D'oh. Accidentally posted as a Coward and misspelled Prof. Tanenbaum's name. Carry on....
In the early 80s, I did a Unix systems startup in the UK: we were an early licensee of Unix from AT&T and sold VAXen with BSD installed and supported. DEC UK hated us. DEC US happily sold us CPUs.
In April 1983, the European Unix User's Group (EUUG), held a conference in Bonn, Germany. The speakers included Bill Joy, Sam Leffler, Steve Bourne and Andy Tanenbaum.
It was a hugely memorable event, including Prof. Tanenbaum's presentation. We were paying AT&T $200 or so for each Unix license. Not a huge deal for a $100,000 VAX system. But, even then, many of us could see a future where Unix or something like it would run on countless devices, including cars and washing machines. In fact, when I worked for AT&T in 1984 (yes, I know, it was "a learning experience"), I was pitching exactly that to OEMs. It was clear that something cheap or free would be required. So, back in 1983, when dinosaurs ruled the Earth, Prof. Tanenbaum gave us all the seed of a thought that free (as in beer) software could change the world.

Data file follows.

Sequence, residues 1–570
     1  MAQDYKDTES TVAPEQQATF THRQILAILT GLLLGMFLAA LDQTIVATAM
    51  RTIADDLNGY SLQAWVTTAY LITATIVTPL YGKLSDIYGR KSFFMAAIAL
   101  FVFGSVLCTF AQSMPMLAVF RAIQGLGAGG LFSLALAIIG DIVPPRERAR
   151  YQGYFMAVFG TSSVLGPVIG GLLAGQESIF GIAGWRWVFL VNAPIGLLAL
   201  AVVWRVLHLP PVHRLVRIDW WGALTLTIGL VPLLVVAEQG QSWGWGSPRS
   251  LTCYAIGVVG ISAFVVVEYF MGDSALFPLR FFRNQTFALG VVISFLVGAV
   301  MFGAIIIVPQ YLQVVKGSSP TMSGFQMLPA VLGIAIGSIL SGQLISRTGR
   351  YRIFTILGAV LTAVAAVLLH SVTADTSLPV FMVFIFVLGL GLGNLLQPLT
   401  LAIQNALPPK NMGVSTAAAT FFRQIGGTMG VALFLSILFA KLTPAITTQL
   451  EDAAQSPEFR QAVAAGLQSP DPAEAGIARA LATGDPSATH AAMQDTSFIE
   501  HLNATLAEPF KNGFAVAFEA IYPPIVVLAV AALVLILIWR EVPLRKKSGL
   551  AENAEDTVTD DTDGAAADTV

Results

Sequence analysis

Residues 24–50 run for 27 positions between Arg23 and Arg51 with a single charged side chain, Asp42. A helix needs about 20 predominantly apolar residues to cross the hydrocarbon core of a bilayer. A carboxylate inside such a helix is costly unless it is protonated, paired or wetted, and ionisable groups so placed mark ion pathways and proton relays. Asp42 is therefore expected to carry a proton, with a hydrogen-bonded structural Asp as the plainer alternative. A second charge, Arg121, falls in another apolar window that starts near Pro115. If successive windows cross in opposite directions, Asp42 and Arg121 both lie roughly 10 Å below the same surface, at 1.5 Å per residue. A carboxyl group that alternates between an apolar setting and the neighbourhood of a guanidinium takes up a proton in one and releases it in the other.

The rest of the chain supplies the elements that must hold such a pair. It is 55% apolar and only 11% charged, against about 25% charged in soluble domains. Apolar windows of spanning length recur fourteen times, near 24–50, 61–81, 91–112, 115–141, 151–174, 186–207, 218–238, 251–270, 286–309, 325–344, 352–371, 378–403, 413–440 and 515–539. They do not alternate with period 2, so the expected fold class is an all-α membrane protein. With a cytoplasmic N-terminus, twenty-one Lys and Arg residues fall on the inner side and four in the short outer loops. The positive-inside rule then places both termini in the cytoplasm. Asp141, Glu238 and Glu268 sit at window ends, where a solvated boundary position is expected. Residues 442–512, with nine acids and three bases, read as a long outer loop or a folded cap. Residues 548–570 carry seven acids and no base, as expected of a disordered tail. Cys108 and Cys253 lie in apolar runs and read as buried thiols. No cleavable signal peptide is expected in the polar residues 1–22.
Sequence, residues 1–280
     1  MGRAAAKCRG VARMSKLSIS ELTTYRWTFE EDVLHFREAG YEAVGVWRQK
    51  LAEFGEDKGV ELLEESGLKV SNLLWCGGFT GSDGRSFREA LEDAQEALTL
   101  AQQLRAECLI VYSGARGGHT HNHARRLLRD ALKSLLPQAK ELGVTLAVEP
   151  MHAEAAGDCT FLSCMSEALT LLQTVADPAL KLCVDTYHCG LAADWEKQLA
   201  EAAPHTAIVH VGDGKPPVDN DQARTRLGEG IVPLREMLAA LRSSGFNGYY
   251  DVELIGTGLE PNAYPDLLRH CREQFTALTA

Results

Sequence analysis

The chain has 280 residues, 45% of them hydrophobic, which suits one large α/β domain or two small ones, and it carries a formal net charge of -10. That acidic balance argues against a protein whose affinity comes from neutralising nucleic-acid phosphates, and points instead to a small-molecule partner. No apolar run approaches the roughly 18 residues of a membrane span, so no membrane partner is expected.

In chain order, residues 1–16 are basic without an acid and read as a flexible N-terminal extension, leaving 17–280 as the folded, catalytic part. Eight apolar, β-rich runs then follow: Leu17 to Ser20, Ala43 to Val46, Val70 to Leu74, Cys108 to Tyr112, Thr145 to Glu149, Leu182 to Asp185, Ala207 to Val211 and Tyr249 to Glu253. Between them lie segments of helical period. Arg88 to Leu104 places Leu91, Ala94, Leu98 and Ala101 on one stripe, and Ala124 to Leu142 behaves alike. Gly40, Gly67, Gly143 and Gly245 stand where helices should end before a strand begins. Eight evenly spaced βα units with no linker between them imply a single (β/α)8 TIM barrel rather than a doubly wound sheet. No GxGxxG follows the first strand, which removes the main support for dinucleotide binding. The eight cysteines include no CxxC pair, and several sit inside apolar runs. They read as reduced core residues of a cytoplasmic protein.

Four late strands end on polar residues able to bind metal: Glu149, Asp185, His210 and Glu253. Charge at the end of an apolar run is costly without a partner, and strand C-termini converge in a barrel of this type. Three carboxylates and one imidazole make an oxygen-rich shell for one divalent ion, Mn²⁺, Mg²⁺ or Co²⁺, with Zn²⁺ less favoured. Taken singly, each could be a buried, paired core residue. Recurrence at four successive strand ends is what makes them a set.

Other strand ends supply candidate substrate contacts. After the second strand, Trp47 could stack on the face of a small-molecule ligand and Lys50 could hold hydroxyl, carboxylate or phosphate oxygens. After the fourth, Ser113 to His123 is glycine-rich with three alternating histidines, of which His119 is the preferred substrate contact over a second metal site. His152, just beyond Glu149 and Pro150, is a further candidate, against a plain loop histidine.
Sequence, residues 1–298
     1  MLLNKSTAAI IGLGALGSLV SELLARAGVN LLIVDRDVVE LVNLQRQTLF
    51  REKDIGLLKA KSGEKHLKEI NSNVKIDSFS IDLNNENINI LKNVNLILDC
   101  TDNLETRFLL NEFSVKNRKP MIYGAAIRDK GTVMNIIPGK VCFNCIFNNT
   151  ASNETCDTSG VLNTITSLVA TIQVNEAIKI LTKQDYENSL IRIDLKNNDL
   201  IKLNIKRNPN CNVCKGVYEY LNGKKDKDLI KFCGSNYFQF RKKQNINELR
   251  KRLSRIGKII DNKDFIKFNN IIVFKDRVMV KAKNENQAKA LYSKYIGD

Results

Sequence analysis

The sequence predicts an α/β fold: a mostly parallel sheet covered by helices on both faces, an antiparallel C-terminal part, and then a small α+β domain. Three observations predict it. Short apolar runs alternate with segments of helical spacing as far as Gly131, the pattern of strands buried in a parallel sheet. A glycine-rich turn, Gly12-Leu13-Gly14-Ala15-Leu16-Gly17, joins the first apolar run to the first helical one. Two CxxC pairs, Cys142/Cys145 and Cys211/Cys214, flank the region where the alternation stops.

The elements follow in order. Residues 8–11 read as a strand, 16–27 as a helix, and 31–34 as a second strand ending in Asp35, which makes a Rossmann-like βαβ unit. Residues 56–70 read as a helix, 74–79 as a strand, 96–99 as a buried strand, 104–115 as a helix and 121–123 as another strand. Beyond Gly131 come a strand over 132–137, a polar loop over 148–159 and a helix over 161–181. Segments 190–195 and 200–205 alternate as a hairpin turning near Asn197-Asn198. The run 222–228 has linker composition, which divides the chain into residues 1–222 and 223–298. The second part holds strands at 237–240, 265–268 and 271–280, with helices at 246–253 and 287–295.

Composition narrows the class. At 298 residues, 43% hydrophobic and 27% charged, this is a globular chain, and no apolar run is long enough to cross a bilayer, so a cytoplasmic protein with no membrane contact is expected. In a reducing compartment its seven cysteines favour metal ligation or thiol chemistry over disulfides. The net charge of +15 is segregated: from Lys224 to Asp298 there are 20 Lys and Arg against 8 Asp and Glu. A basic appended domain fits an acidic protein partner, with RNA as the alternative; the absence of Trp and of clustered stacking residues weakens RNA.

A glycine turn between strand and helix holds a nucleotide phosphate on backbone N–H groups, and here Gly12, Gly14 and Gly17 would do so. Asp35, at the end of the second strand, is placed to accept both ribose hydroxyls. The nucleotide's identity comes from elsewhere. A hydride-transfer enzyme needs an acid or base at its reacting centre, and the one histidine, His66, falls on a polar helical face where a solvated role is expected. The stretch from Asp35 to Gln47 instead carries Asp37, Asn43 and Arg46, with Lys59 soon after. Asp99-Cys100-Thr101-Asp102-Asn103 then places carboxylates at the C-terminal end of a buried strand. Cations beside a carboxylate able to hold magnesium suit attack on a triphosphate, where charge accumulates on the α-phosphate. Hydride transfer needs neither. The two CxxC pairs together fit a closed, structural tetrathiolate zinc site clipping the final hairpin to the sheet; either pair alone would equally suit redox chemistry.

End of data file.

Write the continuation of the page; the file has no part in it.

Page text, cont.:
As an aside, his presentation was a little hard to follow, but worth the effort, because his English wasn't that great. A Dutch guy sitting next to me said that his Dutch was pretty sketchy, too. I have no means to verify this but, if true, he would join a small group of my friends and acquaintances who don't speak any (human) language well. They're all engineers
I also learned that, despite Bonn being largely flooded because of heavy rains, nothing stops a Unix conference, and that the "Geoffnet" signs I saw all over the place weren't a promotion for a new network stack, but meant "Open" in German.